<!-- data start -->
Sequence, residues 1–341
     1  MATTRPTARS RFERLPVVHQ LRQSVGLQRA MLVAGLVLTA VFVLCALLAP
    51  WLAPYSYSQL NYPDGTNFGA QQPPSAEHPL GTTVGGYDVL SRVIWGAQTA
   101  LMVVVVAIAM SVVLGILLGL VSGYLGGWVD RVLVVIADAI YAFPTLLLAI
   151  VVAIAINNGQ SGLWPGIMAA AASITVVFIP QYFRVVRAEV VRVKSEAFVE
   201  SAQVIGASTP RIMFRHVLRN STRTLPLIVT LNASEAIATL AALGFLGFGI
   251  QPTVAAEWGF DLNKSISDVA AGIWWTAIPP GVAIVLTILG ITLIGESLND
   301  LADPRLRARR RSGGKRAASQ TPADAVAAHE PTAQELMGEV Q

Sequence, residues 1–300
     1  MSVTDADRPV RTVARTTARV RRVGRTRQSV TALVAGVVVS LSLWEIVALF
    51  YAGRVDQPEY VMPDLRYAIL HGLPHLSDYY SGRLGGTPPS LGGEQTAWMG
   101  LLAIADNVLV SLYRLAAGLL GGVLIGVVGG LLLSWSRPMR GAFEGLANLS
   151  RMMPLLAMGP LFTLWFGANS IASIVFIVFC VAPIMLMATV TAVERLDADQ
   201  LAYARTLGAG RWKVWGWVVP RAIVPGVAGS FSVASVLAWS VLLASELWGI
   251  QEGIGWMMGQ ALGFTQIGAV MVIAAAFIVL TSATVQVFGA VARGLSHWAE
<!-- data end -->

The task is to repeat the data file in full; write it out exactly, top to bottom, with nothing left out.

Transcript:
Sequence, residues 1–341
     1  MATTRPTARS RFERLPVVHQ LRQSVGLQRA MLVAGLVLTA VFVLCALLAP
    51  WLAPYSYSQL NYPDGTNFGA QQPPSAEHPL GTTVGGYDVL SRVIWGAQTA
   101  LMVVVVAIAM SVVLGILLGL VSGYLGGWVD RVLVVIADAI YAFPTLLLAI
   151  VVAIAINNGQ SGLWPGIMAA AASITVVFIP QYFRVVRAEV VRVKSEAFVE
   201  SAQVIGASTP RIMFRHVLRN STRTLPLIVT LNASEAIATL AALGFLGFGI
   251  QPTVAAEWGF DLNKSISDVA AGIWWTAIPP GVAIVLTILG ITLIGESLND
   301  LADPRLRARR RSGGKRAASQ TPADAVAAHE PTAQELMGEV Q

Sequence, residues 1–300
     1  MSVTDADRPV RTVARTTARV RRVGRTRQSV TALVAGVVVS LSLWEIVALF
    51  YAGRVDQPEY VMPDLRYAIL HGLPHLSDYY SGRLGGTPPS LGGEQTAWMG
   101  LLAIADNVLV SLYRLAAGLL GGVLIGVVGG LLLSWSRPMR GAFEGLANLS
   151  RMMPLLAMGP LFTLWFGANS IASIVFIVFC VAPIMLMATV TAVERLDADQ
   201  LAYARTLGAG RWKVWGWVVP RAIVPGVAGS FSVASVLAWS VLLASELWGI
   251  QEGIGWMMGQ ALGFTQIGAV MVIAAAFIVL TSATVQVFGA VARGLSHWAE